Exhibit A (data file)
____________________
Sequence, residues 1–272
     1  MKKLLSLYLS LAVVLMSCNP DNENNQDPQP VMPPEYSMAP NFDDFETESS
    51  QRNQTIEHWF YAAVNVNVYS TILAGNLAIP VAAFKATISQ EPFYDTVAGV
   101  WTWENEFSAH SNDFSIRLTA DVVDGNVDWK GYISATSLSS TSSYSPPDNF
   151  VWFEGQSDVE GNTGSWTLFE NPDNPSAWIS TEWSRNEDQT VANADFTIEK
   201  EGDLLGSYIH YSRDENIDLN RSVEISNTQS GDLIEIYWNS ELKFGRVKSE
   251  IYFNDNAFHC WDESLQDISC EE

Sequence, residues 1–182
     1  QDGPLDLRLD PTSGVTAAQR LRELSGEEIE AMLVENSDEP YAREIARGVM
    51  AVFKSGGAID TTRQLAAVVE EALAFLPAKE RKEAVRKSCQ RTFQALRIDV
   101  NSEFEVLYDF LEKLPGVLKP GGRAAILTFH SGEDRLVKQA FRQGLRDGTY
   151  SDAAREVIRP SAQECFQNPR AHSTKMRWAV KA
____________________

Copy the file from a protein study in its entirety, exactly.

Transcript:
Sequence, residues 1–272
     1  MKKLLSLYLS LAVVLMSCNP DNENNQDPQP VMPPEYSMAP NFDDFETESS
    51  QRNQTIEHWF YAAVNVNVYS TILAGNLAIP VAAFKATISQ EPFYDTVAGV
   101  WTWENEFSAH SNDFSIRLTA DVVDGNVDWK GYISATSLSS TSSYSPPDNF
   151  VWFEGQSDVE GNTGSWTLFE NPDNPSAWIS TEWSRNEDQT VANADFTIEK
   201  EGDLLGSYIH YSRDENIDLN RSVEISNTQS GDLIEIYWNS ELKFGRVKSE
   251  IYFNDNAFHC WDESLQDISC EE

Sequence, residues 1–182
     1  QDGPLDLRLD PTSGVTAAQR LRELSGEEIE AMLVENSDEP YAREIARGVM
    51  AVFKSGGAID TTRQLAAVVE EALAFLPAKE RKEAVRKSCQ RTFQALRIDV
   101  NSEFEVLYDF LEKLPGVLKP GGRAAILTFH SGEDRLVKQA FRQGLRDGTY
   151  SDAAREVIRP SAQECFQNPR AHSTKMRWAV KA